The Haryana government on Saturday enacted a law to reserve 75% jobs in the state’s private sector for residents.

The quota was one of the key promises made during the 2019 Assembly elections by the Jannayak Janta Party – the Bharatiya Janata Party’s alliance partner in Haryana.

The coalition government had passed the Haryana State Employment of Local Candidates Bill, 2020 in November last year. Governor Satyadeo Narain Arya approved the Bill in March.

The law providing reservation will come into effect from January 15, 2022, the Haryana government said on Saturday.

Local Employment Act is enacted from today [Saturday] itself, November 6,” the Jannayak Janta Party’s Spokesperson Deepkamal Saharan tweeted. “January 15, 2021 is [the] last day for industry to upload their employees’ data on [the] government portal.”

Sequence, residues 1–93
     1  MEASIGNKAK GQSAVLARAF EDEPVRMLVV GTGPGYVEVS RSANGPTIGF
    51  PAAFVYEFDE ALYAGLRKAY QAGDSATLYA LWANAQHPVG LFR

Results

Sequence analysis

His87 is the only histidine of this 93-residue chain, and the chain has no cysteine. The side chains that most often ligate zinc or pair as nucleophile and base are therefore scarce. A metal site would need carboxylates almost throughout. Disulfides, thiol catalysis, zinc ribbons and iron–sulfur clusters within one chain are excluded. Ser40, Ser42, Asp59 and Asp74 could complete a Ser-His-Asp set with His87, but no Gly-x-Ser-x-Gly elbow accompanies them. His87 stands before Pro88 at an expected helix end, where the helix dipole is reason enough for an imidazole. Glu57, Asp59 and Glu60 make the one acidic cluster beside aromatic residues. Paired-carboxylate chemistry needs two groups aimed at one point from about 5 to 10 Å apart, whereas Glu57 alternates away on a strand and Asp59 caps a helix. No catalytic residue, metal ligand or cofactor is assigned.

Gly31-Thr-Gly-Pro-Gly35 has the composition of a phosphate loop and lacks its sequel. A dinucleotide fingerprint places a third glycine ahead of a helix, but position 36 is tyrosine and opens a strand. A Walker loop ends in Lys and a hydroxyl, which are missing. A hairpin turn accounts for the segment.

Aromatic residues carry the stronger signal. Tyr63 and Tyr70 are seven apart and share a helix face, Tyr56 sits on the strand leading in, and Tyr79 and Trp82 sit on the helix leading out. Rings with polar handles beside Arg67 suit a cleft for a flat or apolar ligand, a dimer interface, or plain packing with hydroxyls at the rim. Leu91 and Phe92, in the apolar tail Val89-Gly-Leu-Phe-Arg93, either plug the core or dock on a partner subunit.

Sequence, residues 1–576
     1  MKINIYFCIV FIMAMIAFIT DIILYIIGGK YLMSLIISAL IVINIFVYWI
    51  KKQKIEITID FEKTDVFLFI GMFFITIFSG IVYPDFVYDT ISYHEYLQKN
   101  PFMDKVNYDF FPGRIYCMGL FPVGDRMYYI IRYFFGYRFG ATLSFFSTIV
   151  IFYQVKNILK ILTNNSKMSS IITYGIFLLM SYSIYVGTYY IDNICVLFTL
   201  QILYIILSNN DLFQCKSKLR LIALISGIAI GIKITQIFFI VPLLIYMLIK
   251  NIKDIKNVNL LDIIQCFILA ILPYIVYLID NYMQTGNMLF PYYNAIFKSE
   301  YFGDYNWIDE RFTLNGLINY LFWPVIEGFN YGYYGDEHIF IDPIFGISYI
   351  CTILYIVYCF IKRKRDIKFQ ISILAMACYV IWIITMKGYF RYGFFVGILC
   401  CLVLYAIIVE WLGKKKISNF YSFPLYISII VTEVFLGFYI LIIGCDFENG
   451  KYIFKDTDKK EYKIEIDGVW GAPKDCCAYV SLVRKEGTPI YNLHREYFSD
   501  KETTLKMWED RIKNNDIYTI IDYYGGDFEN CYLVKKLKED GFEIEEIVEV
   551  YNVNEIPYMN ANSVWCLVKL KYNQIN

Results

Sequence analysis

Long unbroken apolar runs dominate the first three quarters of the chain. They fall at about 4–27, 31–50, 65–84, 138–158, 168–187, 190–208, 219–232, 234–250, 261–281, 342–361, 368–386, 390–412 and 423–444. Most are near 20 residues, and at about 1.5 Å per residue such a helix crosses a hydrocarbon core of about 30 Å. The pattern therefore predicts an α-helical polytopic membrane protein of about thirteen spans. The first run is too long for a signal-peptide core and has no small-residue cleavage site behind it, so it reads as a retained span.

Those who are domiciled in Haryana will be able to avail the benefits of the act. To have domicile status, a person should be born in the state or should have lived in there for at least 15 years.

Companies have the option to hire people from outside if they cannot find suitable candidates in Haryana, NDTV reported. But they would have to inform the government about this decision.

The Act will cover jobs that pay up to Rs 30,000 as gross monthly salary. In the draft Bill, the salary limit had been set at Rs 50,000, according to NDTV.

The law apply to companies, societies, trusts, limited liability partnership firms, partnership firms located across Haryana.

Industry body Federation of Indian Chambers of Commerce and Industry had criticised the Haryana government’s decision to reserve 75% private sector jobs for locals, saying that it would be disastrous for industrial development and private investment.

“Investors and entrepreneurs need to source the best human resources available in the country to be competitive and successful,” FICCI President Uday Shankar had said in March this year. “To force them in such a regressive straightjacket will force them to look beyond Haryana and this will ultimately hurt the interests of the state.”